Global warming and the melting of glaciers could release anthrax from other burial grounds, as well as other ancient viruses and bacteria. The scientific publication Naked Science wrote about this.
According to last year’s report of the UN Intergovernmental Panel on Climate Change, permafrost temperatures rose to a record high. At the end of June 2020, a record high temperature was recorded in Siberia: a record of 32 years ago was broken, the air warmed up to +38 degrees.
“The abnormal heat in Siberia has become a landmark threshold indicating the warming we are seeing in the long term,” Walt Mayer, senior fellow at the US National Snow and Ice Data Center said.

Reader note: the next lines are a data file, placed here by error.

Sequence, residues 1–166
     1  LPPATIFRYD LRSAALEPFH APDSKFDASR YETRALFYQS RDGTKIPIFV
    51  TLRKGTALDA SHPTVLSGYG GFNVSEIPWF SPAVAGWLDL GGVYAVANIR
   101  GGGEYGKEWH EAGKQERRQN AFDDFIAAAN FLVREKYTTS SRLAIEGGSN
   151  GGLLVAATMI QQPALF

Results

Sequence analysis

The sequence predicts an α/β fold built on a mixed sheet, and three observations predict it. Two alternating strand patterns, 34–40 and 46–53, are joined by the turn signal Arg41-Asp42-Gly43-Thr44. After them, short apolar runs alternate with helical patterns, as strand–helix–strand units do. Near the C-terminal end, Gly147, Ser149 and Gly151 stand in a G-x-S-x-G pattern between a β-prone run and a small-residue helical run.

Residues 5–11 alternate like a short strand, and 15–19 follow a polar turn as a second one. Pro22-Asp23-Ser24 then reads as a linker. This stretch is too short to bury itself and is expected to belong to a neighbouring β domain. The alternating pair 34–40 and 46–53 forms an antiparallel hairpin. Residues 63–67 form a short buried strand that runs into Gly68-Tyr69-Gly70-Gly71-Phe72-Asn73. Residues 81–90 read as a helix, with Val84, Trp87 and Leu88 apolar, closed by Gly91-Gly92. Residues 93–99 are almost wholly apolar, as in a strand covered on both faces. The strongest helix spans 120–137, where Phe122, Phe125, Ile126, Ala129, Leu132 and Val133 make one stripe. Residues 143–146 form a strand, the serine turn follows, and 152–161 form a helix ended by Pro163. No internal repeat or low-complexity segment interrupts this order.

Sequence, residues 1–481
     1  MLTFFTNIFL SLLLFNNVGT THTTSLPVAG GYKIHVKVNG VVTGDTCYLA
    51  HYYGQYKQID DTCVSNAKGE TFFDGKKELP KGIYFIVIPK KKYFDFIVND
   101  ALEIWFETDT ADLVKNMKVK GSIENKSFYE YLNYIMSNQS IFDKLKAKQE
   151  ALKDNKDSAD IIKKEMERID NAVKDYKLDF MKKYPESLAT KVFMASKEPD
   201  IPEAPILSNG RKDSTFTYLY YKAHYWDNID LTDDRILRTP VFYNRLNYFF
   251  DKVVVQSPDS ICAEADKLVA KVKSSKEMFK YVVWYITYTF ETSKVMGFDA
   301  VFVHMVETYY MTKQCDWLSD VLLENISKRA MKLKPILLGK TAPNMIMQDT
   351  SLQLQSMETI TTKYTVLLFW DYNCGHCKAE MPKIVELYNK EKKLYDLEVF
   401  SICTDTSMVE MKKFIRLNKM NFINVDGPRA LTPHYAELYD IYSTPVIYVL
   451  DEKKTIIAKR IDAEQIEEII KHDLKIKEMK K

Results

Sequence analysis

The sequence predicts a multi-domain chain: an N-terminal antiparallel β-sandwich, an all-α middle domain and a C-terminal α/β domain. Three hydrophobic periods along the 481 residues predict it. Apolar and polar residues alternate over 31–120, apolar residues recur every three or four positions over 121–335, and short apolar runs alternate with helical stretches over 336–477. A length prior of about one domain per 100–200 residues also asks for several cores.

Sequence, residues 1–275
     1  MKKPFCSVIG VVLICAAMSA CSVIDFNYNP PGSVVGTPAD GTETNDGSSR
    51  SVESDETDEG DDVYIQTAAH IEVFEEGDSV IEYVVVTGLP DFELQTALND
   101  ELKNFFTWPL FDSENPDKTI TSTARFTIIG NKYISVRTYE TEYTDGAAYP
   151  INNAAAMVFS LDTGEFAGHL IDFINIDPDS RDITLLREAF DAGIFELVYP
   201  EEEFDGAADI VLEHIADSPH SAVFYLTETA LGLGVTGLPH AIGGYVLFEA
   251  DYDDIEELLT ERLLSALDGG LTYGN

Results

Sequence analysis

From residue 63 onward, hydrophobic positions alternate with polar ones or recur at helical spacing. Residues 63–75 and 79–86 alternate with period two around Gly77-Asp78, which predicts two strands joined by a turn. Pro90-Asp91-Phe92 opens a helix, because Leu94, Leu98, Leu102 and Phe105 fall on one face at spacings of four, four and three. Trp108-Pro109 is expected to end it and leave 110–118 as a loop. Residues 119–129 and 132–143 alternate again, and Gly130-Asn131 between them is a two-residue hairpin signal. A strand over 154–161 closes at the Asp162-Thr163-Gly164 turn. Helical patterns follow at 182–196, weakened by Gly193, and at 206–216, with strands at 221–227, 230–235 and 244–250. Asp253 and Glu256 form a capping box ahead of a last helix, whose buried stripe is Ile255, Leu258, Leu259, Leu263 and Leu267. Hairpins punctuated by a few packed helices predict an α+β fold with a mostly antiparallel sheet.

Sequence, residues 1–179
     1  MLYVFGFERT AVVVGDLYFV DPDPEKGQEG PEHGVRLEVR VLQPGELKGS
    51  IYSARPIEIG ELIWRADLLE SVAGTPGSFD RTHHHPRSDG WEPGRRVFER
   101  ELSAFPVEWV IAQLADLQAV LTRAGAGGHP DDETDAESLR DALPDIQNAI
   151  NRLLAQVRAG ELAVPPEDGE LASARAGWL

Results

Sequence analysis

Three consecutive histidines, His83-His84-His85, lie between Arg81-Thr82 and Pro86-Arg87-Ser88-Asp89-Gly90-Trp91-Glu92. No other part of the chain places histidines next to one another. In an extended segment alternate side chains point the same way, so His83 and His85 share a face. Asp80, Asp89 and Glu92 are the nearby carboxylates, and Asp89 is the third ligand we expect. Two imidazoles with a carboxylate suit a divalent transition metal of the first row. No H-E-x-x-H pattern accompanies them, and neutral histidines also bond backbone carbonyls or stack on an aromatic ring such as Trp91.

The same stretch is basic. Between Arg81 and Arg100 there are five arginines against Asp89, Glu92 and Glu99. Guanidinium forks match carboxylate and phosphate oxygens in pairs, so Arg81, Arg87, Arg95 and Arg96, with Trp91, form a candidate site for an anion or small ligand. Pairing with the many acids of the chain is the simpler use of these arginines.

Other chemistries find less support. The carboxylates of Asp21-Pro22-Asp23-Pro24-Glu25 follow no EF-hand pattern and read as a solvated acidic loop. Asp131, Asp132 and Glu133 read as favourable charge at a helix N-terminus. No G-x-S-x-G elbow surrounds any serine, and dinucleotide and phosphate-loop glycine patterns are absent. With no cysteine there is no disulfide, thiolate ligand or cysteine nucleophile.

In addition, the melting of the perennial permafrost zone can return to humanity infectious diseases that have been resting in frozen soil all this time. In particular, anthrax.
As you know, anthrax very quickly affects agricultural and wild animals, as well as humans.
Alexander Fedorov, deputy director for science at the Melnikov Institute of Permafrost, Siberian Branch of the Russian Academy of Sciences, leading employee of the BEST Institute for Natural Sciences, BEST Institute for Natural Sciences, said that record temperatures in Yakutia really increase the risk of anthrax release.
“This problem existed even before climate warming. Channel processes in our rivers sometimes opened such burial grounds. And with climate warming, this risk increases much more. Many bacteria are released with permafrost degradation,” Fedorov said.
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